Some food for thought over Labor Day weekend

Michael Zeytoonian Family Law and Divorce, Financial Considerations of Dispute Resolution, Mediation

Can you respond rationally to your dispute instead of emotionally? Fact: Over 95% of the cases filed in courts end up settling and never go to trial. If you know there is an overwhelming likelihood that your case will settle through negotiations or mediation – doesn’t it make sense to use a process designed to reach a settlement in a …

What if you don’t want to litigate, but also want to guarantee closure?

Michael Zeytoonian Collaborative Law, Dispute Resolution Resources, Financial Considerations of Dispute Resolution, Mediation

You have heard about alternative dispute resolutions methods like mediation or collaborative law (CL), both of which offer you many of the advantages that litigation cannot offer you.

We are looking for one good town (legally speaking)

Michael Zeytoonian Collaborative Law, Collaborative Processes, Dispute Resolution Resources, Financial Considerations of Dispute Resolution, Preventive Law

Now, take that same concept – a commitment of an entire town to practicing health wellness – but apply it to legal wellness. For one year, what if town officials agreed that if there were any kind of municipal disputes, neither side would sue or go to court.

Mediation breaks into TV and shows its advantages over litigation

Michael Zeytoonian Collaborative Law, Family Law and Divorce, Financial Considerations of Dispute Resolution, Mediation, Perspectives, Reviews

Fairly Legal’s premise is the use of mediation to resolve disputes rather than going to court and fighting through a litigation process. The lead character, Kate Reed, is a lawyer who walked away from the litigation side of the profession to become a mediator.

Why be proactive in our treatment of employees?

Michael Zeytoonian Business, Financial Considerations of Dispute Resolution, Mediation, Preventive Law

Workplace bullying and harassment are emerging issues to be addressed by employers. Add the potentially larger problem of increased stress, decreased morale and diminished productivity of those employees who remain after layoffs, who are expected to carry the same load with less people, less experiential knowledge and less resources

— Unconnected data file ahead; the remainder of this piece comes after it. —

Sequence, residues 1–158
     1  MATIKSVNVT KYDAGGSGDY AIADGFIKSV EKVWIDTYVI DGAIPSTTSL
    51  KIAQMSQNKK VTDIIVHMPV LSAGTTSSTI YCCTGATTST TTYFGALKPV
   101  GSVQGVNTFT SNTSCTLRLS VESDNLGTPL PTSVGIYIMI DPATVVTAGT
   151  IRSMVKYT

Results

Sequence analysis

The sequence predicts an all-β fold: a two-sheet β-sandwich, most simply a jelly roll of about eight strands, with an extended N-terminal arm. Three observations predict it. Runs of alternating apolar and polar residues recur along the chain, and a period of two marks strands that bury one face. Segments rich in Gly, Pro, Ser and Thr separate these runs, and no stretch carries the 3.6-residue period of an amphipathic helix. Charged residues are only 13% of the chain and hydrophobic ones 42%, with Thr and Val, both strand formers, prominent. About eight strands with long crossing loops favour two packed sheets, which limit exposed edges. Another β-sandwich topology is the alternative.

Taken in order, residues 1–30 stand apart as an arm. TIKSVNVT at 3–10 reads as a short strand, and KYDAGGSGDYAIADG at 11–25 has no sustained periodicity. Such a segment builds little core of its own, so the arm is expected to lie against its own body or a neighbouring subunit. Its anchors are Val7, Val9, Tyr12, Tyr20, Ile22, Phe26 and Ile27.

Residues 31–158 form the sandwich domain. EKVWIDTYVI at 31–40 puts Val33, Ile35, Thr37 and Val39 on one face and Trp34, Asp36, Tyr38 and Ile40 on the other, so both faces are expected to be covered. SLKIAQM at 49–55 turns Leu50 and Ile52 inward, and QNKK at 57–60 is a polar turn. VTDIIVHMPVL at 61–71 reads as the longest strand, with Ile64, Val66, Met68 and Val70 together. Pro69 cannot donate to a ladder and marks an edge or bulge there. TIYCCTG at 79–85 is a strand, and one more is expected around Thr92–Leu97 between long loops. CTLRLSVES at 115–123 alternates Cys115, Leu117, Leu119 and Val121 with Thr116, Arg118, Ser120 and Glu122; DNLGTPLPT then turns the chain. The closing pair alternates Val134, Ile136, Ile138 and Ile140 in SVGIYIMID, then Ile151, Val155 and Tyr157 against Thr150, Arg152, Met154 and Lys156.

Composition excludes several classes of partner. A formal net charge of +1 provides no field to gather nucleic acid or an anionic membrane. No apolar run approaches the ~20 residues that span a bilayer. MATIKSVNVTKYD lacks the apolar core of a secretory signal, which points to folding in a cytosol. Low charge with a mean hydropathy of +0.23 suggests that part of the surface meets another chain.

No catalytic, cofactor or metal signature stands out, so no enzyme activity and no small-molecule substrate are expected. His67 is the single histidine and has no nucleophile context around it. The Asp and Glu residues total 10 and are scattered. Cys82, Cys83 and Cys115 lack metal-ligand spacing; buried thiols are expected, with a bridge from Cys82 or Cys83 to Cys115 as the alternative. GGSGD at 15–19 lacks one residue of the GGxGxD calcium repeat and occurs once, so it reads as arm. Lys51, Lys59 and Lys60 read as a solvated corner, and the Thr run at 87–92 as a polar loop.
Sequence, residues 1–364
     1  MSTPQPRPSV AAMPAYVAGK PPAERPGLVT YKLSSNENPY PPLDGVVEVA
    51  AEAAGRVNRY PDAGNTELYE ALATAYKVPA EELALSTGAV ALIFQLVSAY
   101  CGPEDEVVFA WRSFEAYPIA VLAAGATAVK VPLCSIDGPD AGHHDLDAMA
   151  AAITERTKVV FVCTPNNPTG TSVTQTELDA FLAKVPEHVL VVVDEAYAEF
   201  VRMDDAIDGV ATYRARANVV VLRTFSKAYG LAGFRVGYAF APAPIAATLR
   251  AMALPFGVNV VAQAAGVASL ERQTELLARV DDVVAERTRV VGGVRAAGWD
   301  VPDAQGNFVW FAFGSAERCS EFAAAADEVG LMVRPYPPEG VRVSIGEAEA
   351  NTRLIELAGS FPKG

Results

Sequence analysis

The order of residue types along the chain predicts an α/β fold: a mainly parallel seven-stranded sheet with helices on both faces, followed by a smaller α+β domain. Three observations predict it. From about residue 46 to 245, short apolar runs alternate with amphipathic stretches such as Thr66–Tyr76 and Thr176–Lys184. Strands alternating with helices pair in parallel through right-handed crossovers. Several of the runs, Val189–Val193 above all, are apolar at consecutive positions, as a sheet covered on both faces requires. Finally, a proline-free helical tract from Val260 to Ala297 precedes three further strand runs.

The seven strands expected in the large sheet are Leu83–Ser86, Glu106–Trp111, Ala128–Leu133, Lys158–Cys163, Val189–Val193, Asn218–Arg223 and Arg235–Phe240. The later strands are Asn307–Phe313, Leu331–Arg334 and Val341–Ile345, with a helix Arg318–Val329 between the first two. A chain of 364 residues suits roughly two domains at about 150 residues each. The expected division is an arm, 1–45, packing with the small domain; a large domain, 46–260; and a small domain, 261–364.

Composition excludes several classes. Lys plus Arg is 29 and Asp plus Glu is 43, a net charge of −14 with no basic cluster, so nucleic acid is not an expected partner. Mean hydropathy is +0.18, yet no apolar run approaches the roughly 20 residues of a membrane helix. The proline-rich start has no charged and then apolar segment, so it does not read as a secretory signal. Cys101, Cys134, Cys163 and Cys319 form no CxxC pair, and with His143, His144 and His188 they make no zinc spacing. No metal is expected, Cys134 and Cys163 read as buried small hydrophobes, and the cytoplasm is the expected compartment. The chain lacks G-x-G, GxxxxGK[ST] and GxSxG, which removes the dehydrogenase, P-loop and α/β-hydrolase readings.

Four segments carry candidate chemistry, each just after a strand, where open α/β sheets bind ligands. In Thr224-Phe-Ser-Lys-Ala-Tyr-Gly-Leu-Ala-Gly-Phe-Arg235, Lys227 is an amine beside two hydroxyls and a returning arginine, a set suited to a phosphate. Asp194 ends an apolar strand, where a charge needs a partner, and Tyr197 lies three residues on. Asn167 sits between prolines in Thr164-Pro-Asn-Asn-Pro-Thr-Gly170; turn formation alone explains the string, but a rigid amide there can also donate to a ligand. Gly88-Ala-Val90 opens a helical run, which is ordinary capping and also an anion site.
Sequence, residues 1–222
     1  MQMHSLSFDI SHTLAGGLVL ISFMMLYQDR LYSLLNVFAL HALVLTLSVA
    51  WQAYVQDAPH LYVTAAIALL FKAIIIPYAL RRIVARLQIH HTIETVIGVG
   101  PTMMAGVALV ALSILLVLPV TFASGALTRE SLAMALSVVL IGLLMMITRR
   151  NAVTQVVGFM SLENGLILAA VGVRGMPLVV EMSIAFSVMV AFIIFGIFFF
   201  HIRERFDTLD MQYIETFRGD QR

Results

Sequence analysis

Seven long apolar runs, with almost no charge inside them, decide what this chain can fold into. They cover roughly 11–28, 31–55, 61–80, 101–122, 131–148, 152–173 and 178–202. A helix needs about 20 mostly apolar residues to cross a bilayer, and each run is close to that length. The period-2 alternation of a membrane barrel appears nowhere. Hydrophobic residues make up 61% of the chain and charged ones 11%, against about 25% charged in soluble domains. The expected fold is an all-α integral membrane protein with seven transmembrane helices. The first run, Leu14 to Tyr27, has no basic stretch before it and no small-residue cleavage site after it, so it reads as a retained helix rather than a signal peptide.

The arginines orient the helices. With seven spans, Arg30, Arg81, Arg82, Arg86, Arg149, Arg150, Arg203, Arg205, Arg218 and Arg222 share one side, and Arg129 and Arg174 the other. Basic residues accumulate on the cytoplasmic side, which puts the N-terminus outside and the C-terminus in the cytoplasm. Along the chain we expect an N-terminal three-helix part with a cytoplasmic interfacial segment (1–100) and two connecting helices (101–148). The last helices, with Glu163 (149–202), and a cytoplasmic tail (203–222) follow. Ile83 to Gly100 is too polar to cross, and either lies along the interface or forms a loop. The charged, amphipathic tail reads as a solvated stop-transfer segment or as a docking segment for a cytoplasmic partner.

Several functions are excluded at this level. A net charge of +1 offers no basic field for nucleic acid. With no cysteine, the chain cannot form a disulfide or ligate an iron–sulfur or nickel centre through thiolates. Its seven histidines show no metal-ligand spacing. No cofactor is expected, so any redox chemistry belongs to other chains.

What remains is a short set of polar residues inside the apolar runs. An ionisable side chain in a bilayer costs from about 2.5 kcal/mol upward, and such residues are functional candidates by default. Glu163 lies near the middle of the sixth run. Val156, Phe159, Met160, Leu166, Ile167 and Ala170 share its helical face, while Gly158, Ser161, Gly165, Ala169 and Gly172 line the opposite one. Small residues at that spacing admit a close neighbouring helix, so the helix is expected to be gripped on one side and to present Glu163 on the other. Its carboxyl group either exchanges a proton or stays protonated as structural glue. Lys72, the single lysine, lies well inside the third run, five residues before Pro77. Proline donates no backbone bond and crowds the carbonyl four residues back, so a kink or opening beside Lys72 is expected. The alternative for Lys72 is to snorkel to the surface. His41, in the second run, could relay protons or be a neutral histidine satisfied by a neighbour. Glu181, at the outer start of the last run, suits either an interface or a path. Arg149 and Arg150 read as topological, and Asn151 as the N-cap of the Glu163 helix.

Baseball arbitration belongs here – let the games begin, and the disputes end!

Michael Zeytoonian Case Evaluation, Collaborative Law, Collaborative Processes, Financial Considerations of Dispute Resolution, Mediation

We believe the parties in the dispute should ultimately decide how it gets resolved. They should select the right process, with our guidance and recommendations, and should make the final decisions about what the resolution will look like. Dispute resolution needs to be efficient in time and cost, needs to preserve important relationships and not drain the resources and emotions of the parties. The process should and can be agile and creative enough to come up with solutions that really fit the needs and meet the interests of the parties.

Who’s going to pay for my primary care lawyer?

Michael Zeytoonian Business, Collaborative Law, Dispute Resolution Resources, Financial Considerations of Dispute Resolution, Preventive Law

There are many advantages to having trusted legal counsel on board, someone who knows your business and family circumstances well, knows your priorities and goals, your disposition and who can give you good preventive and proactive advice, before you decide which legal path to travel.

The case for case evaluation

Michael Zeytoonian Business, Case Evaluation, Financial Considerations of Dispute Resolution, Mediation

I’m often asked how case evaluation is used to resolve a dispute. One important prerequisite is that the parties to the dispute – and their lawyers — have to want to resolve the matter quickly and approach it like a problem to solve, not a fight over who is right.